The White House has labeled the use of the animal tranquilizer xylazine mixed with fentanyl “an emerging threat to the United States.”
According to the White House Office of National Drug Control Policy, “xylazine combined with fentanyl is being sold illicitly and is associated with significant and rapidly worsening negative health consequences, including fatal overdoses and severe morbidity.”
The Food and Drug Administration has approved the use of xylazine for animals—primarily horses and cattle—but not people. But the drug is playing a “growing role in overdose deaths in every region of the United States,” a White House press release states.
Xylazine acts as a sedative, muscle relaxer, and pain reliever, and according to a report from the Justice Department’s Drug Enforcement Administration, users of the drug experience effects similar to what they would after taking opioids.
“A kilogram of xylazine powder can be purchased online from Chinese suppliers with common prices ranging from $6 [to] $20 per kilogram,” according to the DEA. A kilogram is 2.2 pounds.
Because of the low price, mixing xylazine with other drugs “may increase the profit for illicit drug traffickers, as its psychoactive effects allows them to reduce the amount of fentanyl or heroin used in a mixture,” the DEA report explains. Xylazine may extend the length of a drug high because of its similarities to opioids.
The DEA reports an increase in the number of incidents involving xylazine across the U.S. with the greatest increase in the South. From 2020 to 2021, the Southern states experienced a 193% increase in incidents involving xylazine. The Midwest experienced the smallest increase at only 7%.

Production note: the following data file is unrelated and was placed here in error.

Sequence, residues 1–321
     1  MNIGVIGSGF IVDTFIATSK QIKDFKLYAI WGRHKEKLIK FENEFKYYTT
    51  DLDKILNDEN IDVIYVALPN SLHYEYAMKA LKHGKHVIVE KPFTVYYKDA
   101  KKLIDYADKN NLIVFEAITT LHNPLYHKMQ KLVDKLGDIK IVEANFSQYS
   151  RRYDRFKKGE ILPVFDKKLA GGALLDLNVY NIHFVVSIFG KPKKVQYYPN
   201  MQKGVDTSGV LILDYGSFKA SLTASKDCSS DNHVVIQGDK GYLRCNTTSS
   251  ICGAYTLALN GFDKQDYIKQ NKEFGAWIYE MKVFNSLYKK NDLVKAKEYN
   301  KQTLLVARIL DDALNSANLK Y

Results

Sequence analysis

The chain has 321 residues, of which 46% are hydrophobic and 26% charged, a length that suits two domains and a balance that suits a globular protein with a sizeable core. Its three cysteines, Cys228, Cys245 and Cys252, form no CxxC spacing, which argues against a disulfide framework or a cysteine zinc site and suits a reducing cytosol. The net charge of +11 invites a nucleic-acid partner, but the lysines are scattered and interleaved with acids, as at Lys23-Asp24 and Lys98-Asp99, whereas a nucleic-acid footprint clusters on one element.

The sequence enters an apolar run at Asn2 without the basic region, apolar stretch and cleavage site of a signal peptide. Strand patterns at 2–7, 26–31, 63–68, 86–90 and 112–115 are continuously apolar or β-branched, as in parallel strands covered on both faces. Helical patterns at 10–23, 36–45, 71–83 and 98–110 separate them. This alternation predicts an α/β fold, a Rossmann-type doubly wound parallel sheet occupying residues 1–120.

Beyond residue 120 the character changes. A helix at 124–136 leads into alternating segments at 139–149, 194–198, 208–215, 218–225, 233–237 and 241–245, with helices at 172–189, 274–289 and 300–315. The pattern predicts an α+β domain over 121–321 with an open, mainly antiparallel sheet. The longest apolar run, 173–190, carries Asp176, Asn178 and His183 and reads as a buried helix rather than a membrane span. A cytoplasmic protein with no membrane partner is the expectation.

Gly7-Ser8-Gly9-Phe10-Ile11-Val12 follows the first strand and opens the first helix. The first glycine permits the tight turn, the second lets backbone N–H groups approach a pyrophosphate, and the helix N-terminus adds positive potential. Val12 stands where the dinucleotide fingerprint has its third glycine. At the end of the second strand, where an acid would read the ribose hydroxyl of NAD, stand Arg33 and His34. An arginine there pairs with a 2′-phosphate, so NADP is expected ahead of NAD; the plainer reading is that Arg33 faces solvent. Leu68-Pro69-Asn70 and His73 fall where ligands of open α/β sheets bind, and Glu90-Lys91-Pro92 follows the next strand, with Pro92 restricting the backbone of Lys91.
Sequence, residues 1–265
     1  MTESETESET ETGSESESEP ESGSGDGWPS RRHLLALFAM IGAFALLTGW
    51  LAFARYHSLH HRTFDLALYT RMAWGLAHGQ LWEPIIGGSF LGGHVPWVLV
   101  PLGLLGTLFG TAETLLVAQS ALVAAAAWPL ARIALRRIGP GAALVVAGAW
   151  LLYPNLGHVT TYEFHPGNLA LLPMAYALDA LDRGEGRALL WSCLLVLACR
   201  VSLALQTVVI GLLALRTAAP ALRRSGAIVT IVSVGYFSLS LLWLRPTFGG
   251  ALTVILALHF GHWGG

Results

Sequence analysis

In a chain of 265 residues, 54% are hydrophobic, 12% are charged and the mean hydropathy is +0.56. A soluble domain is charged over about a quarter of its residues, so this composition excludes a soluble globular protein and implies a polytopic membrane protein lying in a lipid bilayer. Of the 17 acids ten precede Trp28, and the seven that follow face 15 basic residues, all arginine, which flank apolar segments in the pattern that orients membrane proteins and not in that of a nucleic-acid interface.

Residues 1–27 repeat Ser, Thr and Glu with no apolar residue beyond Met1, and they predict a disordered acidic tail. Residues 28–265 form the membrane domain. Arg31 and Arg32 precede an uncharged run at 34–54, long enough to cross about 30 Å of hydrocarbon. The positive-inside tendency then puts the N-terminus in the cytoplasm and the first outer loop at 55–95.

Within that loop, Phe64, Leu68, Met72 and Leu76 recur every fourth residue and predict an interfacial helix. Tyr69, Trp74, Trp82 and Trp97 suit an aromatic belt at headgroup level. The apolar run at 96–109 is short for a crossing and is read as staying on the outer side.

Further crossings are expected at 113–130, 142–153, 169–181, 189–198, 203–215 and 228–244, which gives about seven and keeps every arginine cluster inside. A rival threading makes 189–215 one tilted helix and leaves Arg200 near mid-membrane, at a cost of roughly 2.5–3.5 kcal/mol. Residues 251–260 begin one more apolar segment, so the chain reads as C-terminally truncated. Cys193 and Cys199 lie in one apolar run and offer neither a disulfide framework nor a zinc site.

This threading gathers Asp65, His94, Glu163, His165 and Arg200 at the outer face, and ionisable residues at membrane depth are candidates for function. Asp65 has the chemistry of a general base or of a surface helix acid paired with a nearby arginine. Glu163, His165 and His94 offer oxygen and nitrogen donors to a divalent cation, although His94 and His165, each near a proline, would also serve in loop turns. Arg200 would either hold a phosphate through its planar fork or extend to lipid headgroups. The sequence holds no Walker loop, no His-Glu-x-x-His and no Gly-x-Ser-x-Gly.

By declaring xylazine an “emerging threat,” the Biden administration is “being proactive in our approach to save lives and creating new tools for public health and public safety officials and communities across the nation,” said Dr. Rahul Gupta, director of the White House Office of National Drug Control Policy. “To parents, loved ones, community leaders, and those affected by xylazine use: I want you to know that help is on the way.”
The Biden administration will establish a working group that will create a national response plan to the increased use of xylazine. According to the White House, the plan will include “xylazine testing, treatment and supportive care protocols, comprehensive data systems (including information on drug sourcing and supply), strategies to reduce illicit supply of xylazine, and rapid research (such as work on the interactions between xylazine and fentanyl).”
The Biden administration’s declaration on xylazine further highlights the ongoing fentanyl crisis in America. A dose as small as 2 milligrams of fentanyl can be deadly. In 2021, more than 107,000 people in the U.S. died of drug overdoses and drug poisonings, according to the Centers for Disease Control and Prevention. Nearly 70% of those deaths were due to synthetic opioids, such as fentanyl.
“Families throughout East Tennessee understand the pain and suffering caused by the opioid epidemic all too well,” Rep. Diana Harshbarger, R-Tenn., told The Daily Signal. “If the Biden administration took the safety of our communities seriously, aggressive action would be taken to secure our southern border immediately to stop these poisonous drugs from flowing into our country.”
Under the Biden administration, Customs and Border Protection reports a significant increase in the amount of fentanyl that smugglers are attempting to bring across the border illegally.
In 2020, CBP seized 4,600 pounds of fentanyl. By 2021, that amount of fentanyl seized grew to 10,600 pounds, and in 2022, that number was 14,100 pounds. And just since the start of fiscal year 2023 on Oct. 1, CBP has seized 11,000 pounds of fentanyl.
Samantha Aschieris contributed to this report.
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